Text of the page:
Hydrogen sulfide is probably what causes the turfgrass decline associated with black layer, although other compounds associated with low redox potential may also be toxic to turf. (Low redox potential may also initiate ethylene production, produce carboxylic acids, and make manganese available, all of which can be toxic.) Hydrogen sulfide is well known as a colorless gas that has the smell of rotten eggs. It is also a poison that disrupts cellular respiration in both plants and animals, and it has been associated with akiochi disease in rice (8) and injury in citrus tree roots (7), which suffered toxicity at a hydrogen sulfide level of 2.8 ppm.


The effect of hydrogen sulfide on creeping bentgrass turf after seven days. Left: Control turf with no exposure to hydrogen sulfide. Right: Turf exposed to 1,000 ppm hydrogen sulfide for seven days.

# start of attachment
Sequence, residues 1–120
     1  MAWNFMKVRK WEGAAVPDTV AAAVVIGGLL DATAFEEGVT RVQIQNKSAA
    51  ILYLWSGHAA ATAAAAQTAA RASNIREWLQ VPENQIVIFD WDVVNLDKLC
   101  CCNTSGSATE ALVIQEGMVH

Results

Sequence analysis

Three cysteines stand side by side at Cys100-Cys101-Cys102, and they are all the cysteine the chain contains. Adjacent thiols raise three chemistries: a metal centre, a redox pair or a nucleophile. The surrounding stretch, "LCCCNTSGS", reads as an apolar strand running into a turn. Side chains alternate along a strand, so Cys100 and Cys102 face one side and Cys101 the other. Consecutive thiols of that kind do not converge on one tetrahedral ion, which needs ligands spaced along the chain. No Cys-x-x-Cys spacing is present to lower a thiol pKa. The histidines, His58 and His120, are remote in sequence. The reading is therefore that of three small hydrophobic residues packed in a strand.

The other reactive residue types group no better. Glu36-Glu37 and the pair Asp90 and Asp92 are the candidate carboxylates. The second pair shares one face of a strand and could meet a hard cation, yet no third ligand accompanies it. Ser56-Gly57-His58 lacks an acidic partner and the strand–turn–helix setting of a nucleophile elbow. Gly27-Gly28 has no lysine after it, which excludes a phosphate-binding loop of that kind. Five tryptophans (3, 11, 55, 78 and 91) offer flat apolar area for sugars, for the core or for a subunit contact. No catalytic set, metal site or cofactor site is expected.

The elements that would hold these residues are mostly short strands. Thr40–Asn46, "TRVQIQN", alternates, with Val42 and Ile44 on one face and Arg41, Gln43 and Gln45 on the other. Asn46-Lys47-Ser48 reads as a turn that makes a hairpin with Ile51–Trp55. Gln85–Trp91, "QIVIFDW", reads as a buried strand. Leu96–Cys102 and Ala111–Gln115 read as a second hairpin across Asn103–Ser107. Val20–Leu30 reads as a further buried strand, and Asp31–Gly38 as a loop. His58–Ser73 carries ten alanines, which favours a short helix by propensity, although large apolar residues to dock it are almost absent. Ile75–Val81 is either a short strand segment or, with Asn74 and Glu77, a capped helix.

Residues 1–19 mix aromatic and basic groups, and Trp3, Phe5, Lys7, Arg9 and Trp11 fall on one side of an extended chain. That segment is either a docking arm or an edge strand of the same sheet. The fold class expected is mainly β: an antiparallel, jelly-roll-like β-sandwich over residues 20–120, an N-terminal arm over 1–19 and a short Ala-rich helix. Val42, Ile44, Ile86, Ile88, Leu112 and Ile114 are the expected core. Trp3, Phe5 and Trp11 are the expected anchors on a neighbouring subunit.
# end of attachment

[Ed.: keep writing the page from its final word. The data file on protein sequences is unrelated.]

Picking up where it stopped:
The generation of hydrogen sulfide is biological. To demonstrate this, researchers used radioactive sulfate as a tracer directly in black layer (4). When intact cores of a black layer from a Penncross creeping bentgrass (Agrostis stolonifera L.) green were injected with radioactive sulfate, it converted to radioactive sulfide at a rate of 3 to 14 nanomoles of sulfur per cubic centimeter of soil per day. About 32% of the radioactive sulfate was converted to radioactive sulfide, and 80% to 95% of the radioactive sulfide was metal sulfide (Figure 1). When the radioactive sulfate was injected into cores along with sodium azide, which is a soil sterilant, almost no radioactive sulfide was produced — the biological production of sulfide was halted by the azide. And when the radioactive tracer was injected with sodium molybdate, which is a specific inhibitor of biological sulfur reduction, again almost no sulfide formed. This research showed that hydrogen sulfide actively formed in an existing black layer, and that it was a biological process.